Feb. 17, 2002
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Poem: "Solitude," by Ella Wheeler Wilcox.
Laugh, and the world laughs with you;
Weep, and you weep alone;
For the sad old earth must borrow its mirth,
But has trouble enough of its own.
Sing, and the hills will answer;
Sigh, it is lost on the air;
The echoes bound to a joyful sound,
But shrink from voicing care.
Rejoice, and men will seek you;
Grieve, and they turn and go;
They want full measure of all your pleasure,
But they do not need your woe.
Be glad, and your friends are many;
Be sad, and you lose them all,-
There are none to decline your nectared wine,
But alone you must drink life's gall.
Feast, and your halls are crowded;
Fast, and the world goes by.
Succeed and give, and it helps you live,
But no man can help you die.
For there is room in the halls of pleasure
For a large and lordly train,
But one by one we must all file on
Through the narrow aisles of pain.
It's the birthday of novelist Chaim
Potok, born in the Bronx, New York City (1929). When he told his mother
he wanted to become a writer, she responded, "You want to write stories?
That's very nice. You be a brain surgeon, and on the side you write stories."
His novel The Chosen (1967) won the Pulitzer Prize.
It's the birthday of the Australian journalist
and poet Andrew
Barton Paterson (1864). He was a World War I correspondent and the author
of several books of light verse, including The Animals Noah Forgot (1933).
He's best known for "Waltzing Matilda," adapted from a traditional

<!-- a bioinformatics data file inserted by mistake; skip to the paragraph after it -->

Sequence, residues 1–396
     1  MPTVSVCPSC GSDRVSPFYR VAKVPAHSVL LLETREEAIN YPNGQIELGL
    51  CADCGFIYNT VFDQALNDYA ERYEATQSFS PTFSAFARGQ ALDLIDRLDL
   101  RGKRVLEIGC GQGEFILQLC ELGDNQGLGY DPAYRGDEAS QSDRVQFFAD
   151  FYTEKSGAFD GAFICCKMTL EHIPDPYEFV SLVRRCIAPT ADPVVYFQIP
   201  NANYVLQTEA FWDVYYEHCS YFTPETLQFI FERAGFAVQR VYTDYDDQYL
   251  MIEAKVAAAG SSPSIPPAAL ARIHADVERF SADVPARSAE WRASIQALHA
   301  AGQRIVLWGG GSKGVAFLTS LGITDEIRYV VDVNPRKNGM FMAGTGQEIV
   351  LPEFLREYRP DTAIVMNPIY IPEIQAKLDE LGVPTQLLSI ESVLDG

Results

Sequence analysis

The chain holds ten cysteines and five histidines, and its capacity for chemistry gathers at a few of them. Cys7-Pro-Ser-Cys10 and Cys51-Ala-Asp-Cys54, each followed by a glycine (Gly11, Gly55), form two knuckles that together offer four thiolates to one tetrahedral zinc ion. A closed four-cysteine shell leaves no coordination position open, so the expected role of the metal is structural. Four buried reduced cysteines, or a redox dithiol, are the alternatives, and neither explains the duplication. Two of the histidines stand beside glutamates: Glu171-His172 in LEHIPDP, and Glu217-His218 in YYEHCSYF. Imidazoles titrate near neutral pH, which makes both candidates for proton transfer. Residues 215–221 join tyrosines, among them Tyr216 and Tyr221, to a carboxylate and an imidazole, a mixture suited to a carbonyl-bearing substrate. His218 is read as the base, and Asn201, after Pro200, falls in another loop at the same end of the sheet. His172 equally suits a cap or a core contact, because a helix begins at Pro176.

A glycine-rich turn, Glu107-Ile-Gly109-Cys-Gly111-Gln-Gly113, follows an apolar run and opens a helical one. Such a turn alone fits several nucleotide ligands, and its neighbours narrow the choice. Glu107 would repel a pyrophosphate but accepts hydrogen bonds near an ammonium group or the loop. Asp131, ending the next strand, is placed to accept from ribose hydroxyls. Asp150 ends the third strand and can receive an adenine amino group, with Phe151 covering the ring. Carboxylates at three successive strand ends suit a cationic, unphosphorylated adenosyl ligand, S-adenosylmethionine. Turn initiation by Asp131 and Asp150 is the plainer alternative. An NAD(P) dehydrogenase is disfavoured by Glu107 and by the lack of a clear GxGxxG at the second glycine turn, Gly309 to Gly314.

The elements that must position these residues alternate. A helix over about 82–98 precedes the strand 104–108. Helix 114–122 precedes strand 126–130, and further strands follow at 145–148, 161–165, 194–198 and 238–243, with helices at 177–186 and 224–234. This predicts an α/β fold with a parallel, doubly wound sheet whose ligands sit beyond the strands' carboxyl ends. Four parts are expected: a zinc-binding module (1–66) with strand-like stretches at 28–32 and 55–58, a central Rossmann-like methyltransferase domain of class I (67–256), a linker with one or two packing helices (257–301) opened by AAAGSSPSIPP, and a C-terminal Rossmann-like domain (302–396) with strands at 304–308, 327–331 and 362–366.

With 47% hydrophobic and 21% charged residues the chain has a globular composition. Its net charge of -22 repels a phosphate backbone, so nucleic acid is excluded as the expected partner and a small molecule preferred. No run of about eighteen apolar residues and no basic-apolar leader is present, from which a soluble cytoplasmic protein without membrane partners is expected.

verse, which became Australia's national song.
It's the birthday of Irish-American editor and publisher S. S. McClure, born in County Antrim, Ireland (1857). He organized the first syndicated newspaper in the United States, the 'McClure Syndicate' (1884), and later founded McClure's magazine (1893), the most controversial muckraking journal of its time.
It's the birthday of entrepreneur Montgomery
Ward, born in Chatham, New Jersey (1844), who came up with the mail-order
system of merchandising. As a young man he sold goods to farmers who grumbled
about the mark-up costs. This experience prompted his idea of ordering goods
direct, by mail: customers could buy lower-cost items direct from the warehouse
through catalogue orders they sent in from home. He issued his first catalogue
in 1872-a single sheet of paper offering 150 items.
It's the birthday of René Laennec,
born in Quimper, near Brittany (1781). He's called the "father of thoracic
medicine" for having invented the stethoscope.
It's the birthday of Thomas
Malthus, born in The Rookery, near Dorking, England (1766), author of
the Essay on Principle of Population. Malthus was pessimistic about the
future because of the natural tendency of the population to increase faster
than the means of subsistence.
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